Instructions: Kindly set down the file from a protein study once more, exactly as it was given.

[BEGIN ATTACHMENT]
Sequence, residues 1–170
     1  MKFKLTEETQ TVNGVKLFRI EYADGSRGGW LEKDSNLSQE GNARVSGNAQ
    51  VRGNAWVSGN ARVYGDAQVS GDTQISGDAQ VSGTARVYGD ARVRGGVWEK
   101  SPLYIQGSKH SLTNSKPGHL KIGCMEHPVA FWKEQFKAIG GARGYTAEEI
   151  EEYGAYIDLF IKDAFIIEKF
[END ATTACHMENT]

Sequence, residues 1–170
     1  MKFKLTEETQ TVNGVKLFRI EYADGSRGGW LEKDSNLSQE GNARVSGNAQ
    51  VRGNAWVSGN ARVYGDAQVS GDTQISGDAQ VSGTARVYGD ARVRGGVWEK
   101  SPLYIQGSKH SLTNSKPGHL KIGCMEHPVA FWKEQFKAIG GARGYTAEEI
   151  EEYGAYIDLF IKDAFIIEKF